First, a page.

4
$\begingroup$

How can I implement a 1-out-of-$n$ oblivious transfer protocol from 1-out-of-2 OT protocol which is resistant against passive corruption? Assume we can access 1-out-of-2 OT $n$ times.

$\endgroup$
4
$\begingroup$

Approach 1

The simplest way of doing this is for the receiver, with choice $j \in \{1,\dots,n\}$, to input $1$ in the $j$-th 1-out-of-2 OT and $0$ elsewhere. The sender, with input $(x_1, \dots, x_n)$, inputs $(0,x_i)$ in the $i$-th OT.

Approach 2

An alternative protocol (that just came out of a discussion with a colleague, and seems to be actively secure) is for the sender to sample $n$ random strings $r_1,\dots,r_n$. Now run $n$ 1-out-of-2 OTs where the sender inputs:

$$ \begin{aligned} (r_1, \,& x_1) \\ (r_2, \,& r_1 \oplus x_2) \\ (r_3, \,& r_1 \oplus r_2 \oplus x_3) \\ &\vdots \\ (r_n, \,& r_1 \oplus r_2 \oplus r_3 \oplus \dots \oplus r_{n-1} \oplus x_n) \\ \end{aligned} $$

Now, it should be easy to see how the receiver gets the right choice. The advantage here is that a cheating receiver cannot easily learn any other choices, as each $x_i$ is masked by a fresh random value.

(Caveat: I've only thought very briefly about this and am not 100% sure about its active security)

Approach 3 (using $\log n$ OTs)

Naor and Pinkas gave a protocol using just $\log_2 n$ 1-out-of-2 OTs on $k$-bit strings (for security parameter $k$). The sender inputs $\log{n}$ random pairs of strings to the 1-out-of-2 OTs, and the receiver inputs their choice represented as $\log n$ bits.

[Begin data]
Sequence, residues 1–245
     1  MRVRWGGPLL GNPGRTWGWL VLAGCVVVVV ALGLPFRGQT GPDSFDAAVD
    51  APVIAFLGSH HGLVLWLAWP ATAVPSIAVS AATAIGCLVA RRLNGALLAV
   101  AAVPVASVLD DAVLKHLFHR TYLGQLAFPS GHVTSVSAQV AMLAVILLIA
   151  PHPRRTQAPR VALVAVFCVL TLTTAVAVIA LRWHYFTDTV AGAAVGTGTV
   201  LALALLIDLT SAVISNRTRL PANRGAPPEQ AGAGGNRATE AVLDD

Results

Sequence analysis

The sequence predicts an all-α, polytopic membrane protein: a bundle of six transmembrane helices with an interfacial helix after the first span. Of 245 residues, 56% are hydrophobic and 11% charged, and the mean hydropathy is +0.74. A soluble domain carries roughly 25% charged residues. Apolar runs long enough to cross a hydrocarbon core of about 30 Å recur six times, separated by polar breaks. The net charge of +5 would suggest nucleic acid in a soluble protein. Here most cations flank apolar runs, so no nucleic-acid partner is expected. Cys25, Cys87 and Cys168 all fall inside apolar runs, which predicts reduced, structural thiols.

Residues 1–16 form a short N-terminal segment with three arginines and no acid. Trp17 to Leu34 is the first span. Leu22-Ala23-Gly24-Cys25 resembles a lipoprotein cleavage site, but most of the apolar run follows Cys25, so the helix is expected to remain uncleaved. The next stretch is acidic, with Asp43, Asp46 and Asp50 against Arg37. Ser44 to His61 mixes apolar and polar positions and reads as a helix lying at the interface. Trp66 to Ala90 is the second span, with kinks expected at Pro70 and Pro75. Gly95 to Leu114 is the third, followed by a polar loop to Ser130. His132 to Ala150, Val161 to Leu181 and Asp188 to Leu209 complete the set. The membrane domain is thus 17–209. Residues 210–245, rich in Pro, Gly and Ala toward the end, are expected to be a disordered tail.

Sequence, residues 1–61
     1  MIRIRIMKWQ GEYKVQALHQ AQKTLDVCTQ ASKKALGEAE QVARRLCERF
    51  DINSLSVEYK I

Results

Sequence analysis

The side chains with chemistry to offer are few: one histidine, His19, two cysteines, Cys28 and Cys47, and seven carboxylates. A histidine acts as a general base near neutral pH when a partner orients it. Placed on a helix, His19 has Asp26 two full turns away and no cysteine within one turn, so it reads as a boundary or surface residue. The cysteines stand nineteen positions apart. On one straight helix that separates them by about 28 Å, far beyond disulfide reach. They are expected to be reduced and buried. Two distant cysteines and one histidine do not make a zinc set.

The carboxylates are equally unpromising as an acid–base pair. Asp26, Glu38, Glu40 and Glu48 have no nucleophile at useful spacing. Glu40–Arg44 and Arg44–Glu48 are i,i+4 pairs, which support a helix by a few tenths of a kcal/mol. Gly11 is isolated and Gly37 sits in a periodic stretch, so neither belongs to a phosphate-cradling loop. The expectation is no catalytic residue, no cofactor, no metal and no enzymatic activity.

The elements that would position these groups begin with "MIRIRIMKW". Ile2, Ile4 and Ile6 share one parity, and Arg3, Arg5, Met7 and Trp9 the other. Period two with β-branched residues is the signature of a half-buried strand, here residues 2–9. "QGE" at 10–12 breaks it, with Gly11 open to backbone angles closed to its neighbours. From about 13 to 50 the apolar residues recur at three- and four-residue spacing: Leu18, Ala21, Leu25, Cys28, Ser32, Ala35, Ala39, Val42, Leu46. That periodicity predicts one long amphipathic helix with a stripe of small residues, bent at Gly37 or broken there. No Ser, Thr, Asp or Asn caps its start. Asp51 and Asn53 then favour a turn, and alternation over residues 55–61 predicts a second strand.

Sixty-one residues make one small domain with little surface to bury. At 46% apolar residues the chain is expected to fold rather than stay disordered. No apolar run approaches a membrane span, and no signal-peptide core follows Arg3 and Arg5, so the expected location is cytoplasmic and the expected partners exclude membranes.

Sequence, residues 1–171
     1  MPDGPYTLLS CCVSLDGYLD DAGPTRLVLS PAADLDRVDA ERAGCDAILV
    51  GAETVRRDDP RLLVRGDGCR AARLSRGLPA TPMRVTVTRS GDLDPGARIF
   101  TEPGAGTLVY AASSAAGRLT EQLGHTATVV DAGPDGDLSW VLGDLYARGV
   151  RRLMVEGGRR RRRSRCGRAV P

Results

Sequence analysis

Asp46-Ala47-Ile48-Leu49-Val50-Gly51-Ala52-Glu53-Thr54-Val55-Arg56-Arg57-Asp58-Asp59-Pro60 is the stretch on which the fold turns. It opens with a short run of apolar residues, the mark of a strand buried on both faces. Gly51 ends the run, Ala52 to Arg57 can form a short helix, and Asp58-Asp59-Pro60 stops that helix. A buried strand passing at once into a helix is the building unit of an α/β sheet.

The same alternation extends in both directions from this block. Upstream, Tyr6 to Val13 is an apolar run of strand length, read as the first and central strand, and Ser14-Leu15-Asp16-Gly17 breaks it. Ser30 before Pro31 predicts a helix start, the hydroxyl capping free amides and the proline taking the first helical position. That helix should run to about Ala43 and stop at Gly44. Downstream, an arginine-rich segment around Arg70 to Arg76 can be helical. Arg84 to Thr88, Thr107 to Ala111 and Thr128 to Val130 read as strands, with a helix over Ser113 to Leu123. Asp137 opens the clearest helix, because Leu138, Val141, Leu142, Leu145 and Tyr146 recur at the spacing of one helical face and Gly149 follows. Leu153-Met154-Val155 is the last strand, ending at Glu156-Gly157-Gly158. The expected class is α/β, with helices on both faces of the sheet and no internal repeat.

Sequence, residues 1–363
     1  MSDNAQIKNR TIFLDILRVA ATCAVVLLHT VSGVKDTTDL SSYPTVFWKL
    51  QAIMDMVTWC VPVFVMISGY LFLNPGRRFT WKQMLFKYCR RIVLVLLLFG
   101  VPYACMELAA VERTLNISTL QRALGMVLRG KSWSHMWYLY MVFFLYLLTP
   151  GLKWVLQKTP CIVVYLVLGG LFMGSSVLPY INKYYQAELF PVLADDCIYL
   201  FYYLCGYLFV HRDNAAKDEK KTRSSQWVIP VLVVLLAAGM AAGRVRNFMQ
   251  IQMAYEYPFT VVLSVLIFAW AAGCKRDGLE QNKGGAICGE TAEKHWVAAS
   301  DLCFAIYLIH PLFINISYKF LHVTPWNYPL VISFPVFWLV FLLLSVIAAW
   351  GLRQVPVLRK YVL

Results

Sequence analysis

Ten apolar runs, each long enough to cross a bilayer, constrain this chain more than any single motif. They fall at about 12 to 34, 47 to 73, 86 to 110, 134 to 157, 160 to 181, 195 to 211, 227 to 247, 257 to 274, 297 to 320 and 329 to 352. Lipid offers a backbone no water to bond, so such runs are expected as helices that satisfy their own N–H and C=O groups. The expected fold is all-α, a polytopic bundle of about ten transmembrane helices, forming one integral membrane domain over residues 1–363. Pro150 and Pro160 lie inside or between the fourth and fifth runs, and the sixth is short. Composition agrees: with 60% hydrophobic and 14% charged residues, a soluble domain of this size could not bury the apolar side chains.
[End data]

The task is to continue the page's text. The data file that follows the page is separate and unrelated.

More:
Now for each $i \in \{1,\dots,n\}$, let $b_1^i b_2^i \cdots b_{\log n}^i$ denote the bits of $i$. The $i$-th sender's string is defined as

$$x_i = H(s^1_{b_1^i}\|\cdots\|s^{\log n}_{b_{\log n^i}})$$

where $s^j_0,s^j_1$ are the random strings used in the $j$-th 1-out-of-2 OT. This gets a 1-out-of-$n$ OT on random strings, which can be easily converted to chosen strings by sending the XOR.

(Note that the Naor-Pinkas protocol used a PRF, but if $H$ is modelled as a random oracle then this works too)

$\endgroup$
0
$\begingroup$

Tung Chou and Claudio Orlandi created the most efficient 1-out-of-n OT protocol to date, based on an 1-out-of-2 OT protocoln, named The Simplest Protocol for Oblivious Transfer. You can read more about it here.

$\endgroup$
  • $\begingroup$ Providing sources is nice but far from enough to be a decent answer. Could you please elaborate / summarize the paper ? $\endgroup$ – Biv Apr 18 '16 at 8:04
  • 1
    $\begingroup$ Actually, it's not the most efficient 1-out-of-n OT protocol known; to do it, it uses $O(n)$ modular exponentiations; Naor and Pinkas showed how that can be done with $O(\log n)$ 1-out-of-2 OT's. This will be more efficient for sufficiently large $n$. $\endgroup$ – poncho Apr 18 '16 at 14:47

Your Answer

By clicking “Post Your Answer”, you agree to our terms of service, privacy policy and cookie policy

Not the answer you're looking for? Browse other questions tagged or ask your own question.